Amber Rudd accuses Boris Johnson of using language which 'incites violence'
Amber Rudd has accused Boris Johnson of using language which could "incite violence".
The former Cabinet minister said the Prime Minister was taking a "casual approach" to the safety of MPs after he repeatedly refused to stop describing anti-no deal legislation as a "surrender act".
In an interview with the Evening Standard, Ms Rudd, who resigned as Work and Pensions Secretary and quit the Tory Party earlier this month, said she was "disappointed and stunned" at the PM's remarks in the Commons on Wednesday evening.
Mr Johnson said the best way for MPs to feel safe - and to honour the memory of murdered Labour MP Jo Cox - was to "deliver Brexit".
Asked if the Prime Minister's comments risked provoking violence, Ms Rudd said: "It does. The sort of language I'm afraid we've seen more and more of coming out from Number 10 does incite violence.
"It's the sort of language people think legitimises a more aggressive approach and sometimes violence."
Her comments come after a several MPs reported both they and their staff had been the subject of intimidation and death threats, with some claiming the abuse had quoted remarks made by the Prime Minister.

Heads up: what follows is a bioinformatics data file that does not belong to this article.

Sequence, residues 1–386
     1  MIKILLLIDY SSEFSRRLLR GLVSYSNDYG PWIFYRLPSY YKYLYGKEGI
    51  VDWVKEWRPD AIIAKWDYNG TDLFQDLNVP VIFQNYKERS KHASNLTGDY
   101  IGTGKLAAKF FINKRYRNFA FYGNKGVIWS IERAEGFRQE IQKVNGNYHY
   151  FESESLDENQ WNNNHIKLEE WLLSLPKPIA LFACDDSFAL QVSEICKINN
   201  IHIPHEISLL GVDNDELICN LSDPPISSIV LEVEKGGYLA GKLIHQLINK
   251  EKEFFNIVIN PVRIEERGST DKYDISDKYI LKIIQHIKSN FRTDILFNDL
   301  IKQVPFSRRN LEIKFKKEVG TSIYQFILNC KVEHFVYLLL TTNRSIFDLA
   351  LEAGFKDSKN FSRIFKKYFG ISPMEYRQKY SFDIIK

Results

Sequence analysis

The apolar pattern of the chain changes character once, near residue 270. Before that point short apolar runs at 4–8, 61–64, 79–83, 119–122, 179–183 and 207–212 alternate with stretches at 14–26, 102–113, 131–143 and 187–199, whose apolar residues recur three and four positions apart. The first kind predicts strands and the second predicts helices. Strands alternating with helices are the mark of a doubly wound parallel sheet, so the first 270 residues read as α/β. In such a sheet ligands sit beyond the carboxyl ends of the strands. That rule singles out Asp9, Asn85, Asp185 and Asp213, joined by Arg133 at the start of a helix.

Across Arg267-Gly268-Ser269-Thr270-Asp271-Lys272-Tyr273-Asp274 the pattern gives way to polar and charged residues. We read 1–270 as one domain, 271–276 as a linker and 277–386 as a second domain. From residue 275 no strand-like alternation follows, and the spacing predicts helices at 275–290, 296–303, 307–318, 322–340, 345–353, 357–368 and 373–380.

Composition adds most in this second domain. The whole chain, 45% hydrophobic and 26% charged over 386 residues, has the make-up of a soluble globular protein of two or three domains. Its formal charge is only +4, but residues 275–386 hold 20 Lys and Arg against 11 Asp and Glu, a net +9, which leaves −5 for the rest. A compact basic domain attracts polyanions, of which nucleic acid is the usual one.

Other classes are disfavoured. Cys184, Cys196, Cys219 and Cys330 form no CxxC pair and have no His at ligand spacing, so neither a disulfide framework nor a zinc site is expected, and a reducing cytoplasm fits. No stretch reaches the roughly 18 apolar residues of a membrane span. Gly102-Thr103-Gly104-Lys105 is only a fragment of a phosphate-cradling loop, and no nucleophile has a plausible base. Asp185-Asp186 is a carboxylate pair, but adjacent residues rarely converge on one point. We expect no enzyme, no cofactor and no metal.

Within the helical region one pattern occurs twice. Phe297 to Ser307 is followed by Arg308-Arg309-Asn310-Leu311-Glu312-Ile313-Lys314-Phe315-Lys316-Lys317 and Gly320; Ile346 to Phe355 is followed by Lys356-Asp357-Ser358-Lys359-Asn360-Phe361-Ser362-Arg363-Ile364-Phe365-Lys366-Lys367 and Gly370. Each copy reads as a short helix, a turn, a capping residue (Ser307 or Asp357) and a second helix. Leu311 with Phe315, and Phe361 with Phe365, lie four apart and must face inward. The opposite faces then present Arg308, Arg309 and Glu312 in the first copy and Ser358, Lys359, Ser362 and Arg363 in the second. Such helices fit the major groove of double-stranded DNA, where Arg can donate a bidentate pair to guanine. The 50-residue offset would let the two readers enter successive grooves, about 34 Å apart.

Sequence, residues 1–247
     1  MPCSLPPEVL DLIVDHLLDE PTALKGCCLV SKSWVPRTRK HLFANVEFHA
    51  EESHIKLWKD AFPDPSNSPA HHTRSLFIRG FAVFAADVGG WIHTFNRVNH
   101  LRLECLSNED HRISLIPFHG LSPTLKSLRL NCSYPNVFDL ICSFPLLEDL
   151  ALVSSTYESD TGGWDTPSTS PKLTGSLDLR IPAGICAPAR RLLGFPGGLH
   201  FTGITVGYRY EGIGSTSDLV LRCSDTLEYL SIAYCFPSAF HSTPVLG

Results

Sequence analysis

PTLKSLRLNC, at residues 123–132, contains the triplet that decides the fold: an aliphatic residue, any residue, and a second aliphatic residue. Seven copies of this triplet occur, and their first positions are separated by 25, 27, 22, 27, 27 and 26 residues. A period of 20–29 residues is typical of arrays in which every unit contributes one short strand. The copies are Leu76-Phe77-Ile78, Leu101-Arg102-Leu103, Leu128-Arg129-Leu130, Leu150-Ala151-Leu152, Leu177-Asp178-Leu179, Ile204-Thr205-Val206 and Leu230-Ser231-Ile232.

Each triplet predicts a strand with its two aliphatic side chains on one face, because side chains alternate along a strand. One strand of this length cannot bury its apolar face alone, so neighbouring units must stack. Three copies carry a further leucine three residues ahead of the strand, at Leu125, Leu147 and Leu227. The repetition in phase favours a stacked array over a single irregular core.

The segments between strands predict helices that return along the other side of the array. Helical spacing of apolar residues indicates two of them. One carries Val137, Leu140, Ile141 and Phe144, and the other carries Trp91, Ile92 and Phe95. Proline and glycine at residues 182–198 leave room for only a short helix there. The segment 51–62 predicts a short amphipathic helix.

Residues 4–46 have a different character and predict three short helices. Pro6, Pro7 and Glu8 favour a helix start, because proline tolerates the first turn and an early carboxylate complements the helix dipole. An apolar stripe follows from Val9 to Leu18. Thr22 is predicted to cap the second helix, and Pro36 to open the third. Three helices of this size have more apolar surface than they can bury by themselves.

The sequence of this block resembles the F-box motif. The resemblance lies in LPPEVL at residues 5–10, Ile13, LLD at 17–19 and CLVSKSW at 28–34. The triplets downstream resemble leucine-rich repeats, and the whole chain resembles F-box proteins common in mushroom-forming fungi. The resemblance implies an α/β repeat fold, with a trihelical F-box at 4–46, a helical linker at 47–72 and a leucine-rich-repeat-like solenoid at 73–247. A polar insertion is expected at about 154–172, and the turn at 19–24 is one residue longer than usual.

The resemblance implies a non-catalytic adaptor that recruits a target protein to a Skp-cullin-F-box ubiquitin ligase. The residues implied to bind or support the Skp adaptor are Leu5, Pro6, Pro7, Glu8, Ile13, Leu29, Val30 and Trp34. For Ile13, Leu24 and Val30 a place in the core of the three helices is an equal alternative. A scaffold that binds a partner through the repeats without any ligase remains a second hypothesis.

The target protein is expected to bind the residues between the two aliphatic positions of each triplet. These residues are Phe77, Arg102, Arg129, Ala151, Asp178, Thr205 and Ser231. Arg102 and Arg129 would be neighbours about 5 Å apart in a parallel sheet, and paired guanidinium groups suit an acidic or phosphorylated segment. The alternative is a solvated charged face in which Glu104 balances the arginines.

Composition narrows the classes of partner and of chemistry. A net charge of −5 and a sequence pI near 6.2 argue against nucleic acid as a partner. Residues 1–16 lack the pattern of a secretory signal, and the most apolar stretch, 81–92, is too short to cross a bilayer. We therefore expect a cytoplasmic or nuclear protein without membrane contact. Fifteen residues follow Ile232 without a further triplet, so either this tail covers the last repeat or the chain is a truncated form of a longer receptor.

Ms Rudd added: "The casual approach to the safety of MPs and their staff is immoral".
But the Prime Minister, who said he "deplores threats" against staff, has refused to soften his rhetoric, saying that the best way for MPs to ensure their safety was to deliver Brexit.
Meanwhile, the Prime Minister's top adviser, Dominic Cummings, said on Thursday that anger was to be expected after MPs attempted to delay the Article 50 deadline.
He said: "If you are a bunch of politicians and say that we swear we are going to respect the result of a democratic vote, and then after you lose you say, 'we don't want to respect that vote', what do you expect to happen?
"In the end, the situation can only be resolved by Parliament honouring its promise to respect the result."
Elsewhere in the interview, the Hastings MP told the paper she was considering standing against her former party at the next election if she could find a "strong Remain constituency".
"The most likely place for me to stand, if I need to stand as an Independent Conservative would be somewhere with a strong Remain constituency, so I am looking around," she said.